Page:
Position: 19th of 109 starters
One year ago I crashed and burned at CP3 in the Clyde Stride ultramarathon. I had twisted my ankle in the (in)famous cow field. And my will had been broken. Well and truly.
A year on and I was toeing the line again. This time it wasn’t my ultra debut; as well as my ill-fated attempt last year I also had the GO33 and D33 ultras behind me. I was pretty sure I’d get the job done this time. In fact, on pain of death I was finishing this race.
In the lead up, pretty much since April, my training has been less than ideal. In the 11 weeks which had passed since the Lochaber Marathon I’d lost three full weeks, all at different times, of training. This meant that I hadn’t done any reconnaissance runs along the course and my longest run since Lochaber was an easy-paced Edinburgh Marathon. In retrospect this was to come back on me.
Unusually for Scotland the weather had been scorching in the lead-up to the event and on race day bright blue skies at 9am gave the runners a beautiful canopy to look at, and also an indicator that race day would be as per the preceding days. Estimates after the race put the temperature between 24-28 degrees.
In Spartathalon, Badwater and Western States terms this is not warm. In Scotland, this is like Beelzebub himself has taken over the temperature controls. We are simply not used to this weather. Therefore running 40 miles in it was an added complication, to say the least.
The course itself is a classic point-to-point track. It starts in Glasgow’s West End, next to Partick train station and broadly follows the River Clyde all the way to the magnificent world heritage site that is New Lanark, this is 40 miles ‘doon the watter’. The terrain starts off as paved roadways, makes way to some trail and riverside paths before getting steeper and very slightly more technical towards the end. Road shoes are ideal if it is dry.
Check-in was smooth as can be. I got an early train from Croy as the later one would leave me with only 30 mins to spare and I’d rather be an hour early for the start of a race than 5 minutes late. On the train from Queen Street to Partick I had the pleasure of meeting Abdelhadi and Michael. More on the former later.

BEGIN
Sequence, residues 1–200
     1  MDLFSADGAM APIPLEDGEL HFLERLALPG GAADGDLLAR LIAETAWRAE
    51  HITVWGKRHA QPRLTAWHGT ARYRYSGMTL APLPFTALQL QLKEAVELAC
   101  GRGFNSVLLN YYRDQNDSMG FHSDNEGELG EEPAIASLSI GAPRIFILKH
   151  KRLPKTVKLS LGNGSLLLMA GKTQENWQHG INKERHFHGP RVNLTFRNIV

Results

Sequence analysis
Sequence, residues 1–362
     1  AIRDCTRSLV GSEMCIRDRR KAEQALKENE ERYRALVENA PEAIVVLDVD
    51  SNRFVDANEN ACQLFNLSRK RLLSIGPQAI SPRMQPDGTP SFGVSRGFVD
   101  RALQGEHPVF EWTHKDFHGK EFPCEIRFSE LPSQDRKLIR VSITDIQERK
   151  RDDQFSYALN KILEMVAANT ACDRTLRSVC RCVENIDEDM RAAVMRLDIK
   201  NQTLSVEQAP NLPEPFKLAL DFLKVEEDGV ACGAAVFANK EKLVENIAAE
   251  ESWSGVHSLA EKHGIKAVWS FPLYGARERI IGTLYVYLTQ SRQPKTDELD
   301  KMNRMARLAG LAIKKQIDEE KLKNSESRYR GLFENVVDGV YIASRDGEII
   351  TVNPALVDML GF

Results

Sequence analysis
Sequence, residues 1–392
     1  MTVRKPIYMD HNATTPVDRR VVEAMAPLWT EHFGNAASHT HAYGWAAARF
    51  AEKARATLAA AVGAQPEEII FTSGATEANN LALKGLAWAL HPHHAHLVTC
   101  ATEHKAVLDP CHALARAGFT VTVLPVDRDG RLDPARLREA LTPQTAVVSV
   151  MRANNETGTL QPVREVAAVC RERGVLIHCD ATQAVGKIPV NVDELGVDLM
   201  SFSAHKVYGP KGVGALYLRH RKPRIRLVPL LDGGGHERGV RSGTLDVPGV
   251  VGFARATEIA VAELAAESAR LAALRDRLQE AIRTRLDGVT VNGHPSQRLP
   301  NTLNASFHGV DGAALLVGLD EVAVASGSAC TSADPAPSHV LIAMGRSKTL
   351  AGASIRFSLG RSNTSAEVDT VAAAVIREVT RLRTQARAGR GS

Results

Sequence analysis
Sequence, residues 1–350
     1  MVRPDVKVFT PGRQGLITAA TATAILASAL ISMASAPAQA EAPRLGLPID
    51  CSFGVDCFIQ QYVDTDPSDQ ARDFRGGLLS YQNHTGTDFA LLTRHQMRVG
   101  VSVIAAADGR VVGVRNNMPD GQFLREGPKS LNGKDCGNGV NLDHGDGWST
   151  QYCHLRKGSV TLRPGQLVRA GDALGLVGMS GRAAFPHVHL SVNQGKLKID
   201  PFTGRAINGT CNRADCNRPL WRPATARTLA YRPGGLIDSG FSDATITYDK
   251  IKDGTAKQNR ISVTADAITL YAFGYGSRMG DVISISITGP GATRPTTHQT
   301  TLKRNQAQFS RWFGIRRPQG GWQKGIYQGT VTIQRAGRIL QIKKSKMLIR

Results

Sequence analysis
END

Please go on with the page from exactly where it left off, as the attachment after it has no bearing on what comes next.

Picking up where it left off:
Milling about at the start you can see the ultra community in action. Most people knew each other and I had the surprise of meeting an old acquaintance in Michael Anderson who was running his first big one.
My strategy was in retrospect rather misguided. It was to run at around 8-8:15 minute miles on average and to see what was left after the last checkpoint.
Partick to CP1: 23rd place, 1:15
I picked up the popular David Mooney here. We bounced along from the Broomielaw in easy 8 m/m pace. David was described by RD Lee MacLean before the as Mr Clydestride. Not to be confused with The Killers track Mr Brightside. David had marked the course to within an inch of its life. He also holds regular recon runs but the timing doesn’t suit me in the main so this was my first run alongside him. A lot of chat was had, and we knocked along nicely to CP1 at Cambuslang. We were in and out in jig time and the watch read just about 1:20 as the 2nd section got underway.
So far, so good. Albeit it was getting warm.
Cambuslang to CP2: 20th place, 2:34
The 2nd section of the course features more trail than the first and there are a couple of big hills that were walked. David and I were still running together when we picked up David Gow, a finisher in the 2013 West Highland Way race. To be running the CS40 so soon after the WHW was amazing and David G’s promise of some training runs over Kilbarchan hills was gratefully received. You can only learn from guys with this pedigree.
About 4 miles into section 2 I started to peel away from both Davids. I was feeling good and once we were off the hills and back on to riverside trail I was able to stretch my legs.
Last year as I entered CP2 things were already starting to unravel but this year I felt good.
I exited CP2 at Strathclyde Park in 2:35. All good so far. I fancied I could do sub 6 hours and I was looking good for it.
CP3 to Maudslie Bridge: 17th place, 4:06
Bloody heat. By the time I left the checkpoint at Strathclyde Park it was getting close to noon. Immediately it felt warmer. Whether it is because there was less shade or the body of water we were running against, something changed. Interestingly, speaking to people after the race most runners felt that the section that hurt most was ‘just after Strathy…’
All was going well again but come about 24 miles I could feel things starting to tie up. The big learning point was revolving around hydration. I had a 750ml bottle of water with a Hi-5 tablet in it at each aid station. However, whilst this may have been good enough in normal conditions the extra heat, and serious lack of acclimatisation to it, meant that by mile 25 I was already running out of water.
I carried on until the marathon was complete in 3:41 and whilst this isn’t shabby, I knew the brakes were starting to be gently applied and I took a walking break. I needed to get a drink and the only thing on my mind was getting to Maudslie Bridge.